Q: These two images show an antique tobacco jar that’s been in the family for a while. Info and value?

A: Happily, the reader sent clear images showing both a bottom mark and art on the jar side. The mark tells us the squat, bulbous ceramic jar was made by Royal Winton and that the pattern is Old England, hand-painted. We have no info on size, nor can we see if the jar has a cover.

Royal Winton, in Stoke-on-Trent, England, was founded by the Grimwade brothers in 1886. Since 1928, the company has been known for ceramics decorated with chintz patterns.

To clue readers, chintz china patterns resemble the beloved florals on chintz fabrics. In both cases, the design features closely grouped small florals. Very English.

But the reader’s ceramic shows an old English coaching scene, with locals at a coach stop or inn. That theme was used on American ceramics as well.

Royal Winton chintz patterns (at one time, more than 60 were made), especially breakfast sets and similar small ensembles, are hugely popular with collectors. Other Winton patterns are not collected as avidly.

What would make the reader’s piece interesting is the fact that it is a tobacco jar. Now that tobacco smoking is largely unfashionable, items related to the practice have become relics of the past and collectible. That includes tobacco jars intended for pipe tobacco.

If the reader’s jar is the Winton humidor about 6 inches high by about 7 inches in diameter, and if the lid is intact, it will interest a collector.

We found one that sold on eBay recently for $14.99. Minus the lid, value would be half or less.

Q: These photos show a dresser that belonged to my great-grandmother. I want to sell but have no idea of its value.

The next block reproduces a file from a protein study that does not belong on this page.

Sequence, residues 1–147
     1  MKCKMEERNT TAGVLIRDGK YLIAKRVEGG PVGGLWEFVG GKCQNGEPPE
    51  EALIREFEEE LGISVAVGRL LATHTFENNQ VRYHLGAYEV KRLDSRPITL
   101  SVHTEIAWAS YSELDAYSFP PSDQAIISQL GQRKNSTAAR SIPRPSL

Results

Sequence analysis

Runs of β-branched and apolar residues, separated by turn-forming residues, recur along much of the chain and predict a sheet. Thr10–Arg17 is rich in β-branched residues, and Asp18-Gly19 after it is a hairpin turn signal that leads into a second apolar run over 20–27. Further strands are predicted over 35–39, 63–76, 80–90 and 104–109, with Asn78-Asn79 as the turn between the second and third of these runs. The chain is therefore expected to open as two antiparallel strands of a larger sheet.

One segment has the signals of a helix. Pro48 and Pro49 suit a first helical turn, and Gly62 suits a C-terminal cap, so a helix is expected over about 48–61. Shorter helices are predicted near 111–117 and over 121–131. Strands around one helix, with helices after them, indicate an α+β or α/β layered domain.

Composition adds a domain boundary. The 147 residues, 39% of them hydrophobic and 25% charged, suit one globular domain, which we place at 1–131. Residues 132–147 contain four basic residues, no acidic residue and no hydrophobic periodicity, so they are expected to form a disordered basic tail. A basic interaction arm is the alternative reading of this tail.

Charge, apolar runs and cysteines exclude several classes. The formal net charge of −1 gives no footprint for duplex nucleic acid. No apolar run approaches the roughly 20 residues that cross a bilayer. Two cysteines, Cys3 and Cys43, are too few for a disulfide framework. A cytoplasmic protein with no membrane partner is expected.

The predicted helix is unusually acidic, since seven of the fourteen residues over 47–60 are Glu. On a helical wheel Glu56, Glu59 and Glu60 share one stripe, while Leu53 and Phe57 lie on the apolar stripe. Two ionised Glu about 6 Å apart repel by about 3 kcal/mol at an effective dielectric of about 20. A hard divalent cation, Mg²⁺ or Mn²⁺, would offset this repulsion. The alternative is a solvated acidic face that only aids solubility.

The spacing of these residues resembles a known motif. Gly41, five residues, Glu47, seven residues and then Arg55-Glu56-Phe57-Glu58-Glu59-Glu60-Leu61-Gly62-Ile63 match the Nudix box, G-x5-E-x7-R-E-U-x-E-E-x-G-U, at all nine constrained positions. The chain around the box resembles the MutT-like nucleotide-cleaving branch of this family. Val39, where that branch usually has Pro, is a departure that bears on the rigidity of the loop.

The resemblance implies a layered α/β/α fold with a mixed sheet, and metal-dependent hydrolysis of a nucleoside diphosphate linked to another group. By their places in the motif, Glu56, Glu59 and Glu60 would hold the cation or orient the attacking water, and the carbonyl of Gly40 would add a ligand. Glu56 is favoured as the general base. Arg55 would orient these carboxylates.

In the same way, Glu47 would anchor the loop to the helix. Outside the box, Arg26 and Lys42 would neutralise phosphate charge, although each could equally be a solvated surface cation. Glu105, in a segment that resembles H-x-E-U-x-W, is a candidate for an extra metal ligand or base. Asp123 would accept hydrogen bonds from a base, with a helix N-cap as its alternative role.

A: What the reader calls a dresser is actually a three-drawer washstand from the early 1900s-1920s. The wood is oak, with a dark lacquer. The finish is original. We can’t tell if the washstand front is serpentine or bowed, but that would be a plus.

Intended as bedroom pieces, washstands had a bow-shaped towel bar at the back instead of a mirror. Imagine two long wooden curved pieces rising from a wooden backsplash. Add a towel bar at the top and you have a typical washstand. A small compartment with door underneath held the wash bowl and pitcher.

Washstands were common in pre-plumbing hotel bedrooms, and you’ll often find them listed as hotel washstands.

This one is especially nice as it includes a beveled, framed mirror above the towel bar. Usually parts or all of the back unit are damaged or missing.

On the free sitewww.liveauctioneers.com , we found similar washstands that sold at auction recently for $100 to $125. In a private sale, this one might bring more. Unfortunately, oak furniture is in a down cycle now. But better examples will always sell better.

Danielle Arnet welcomes questions from readers. She cannot respond to each one individually, but will answer those of general interest in her column. Send e-mail to smartcollector@comcast.net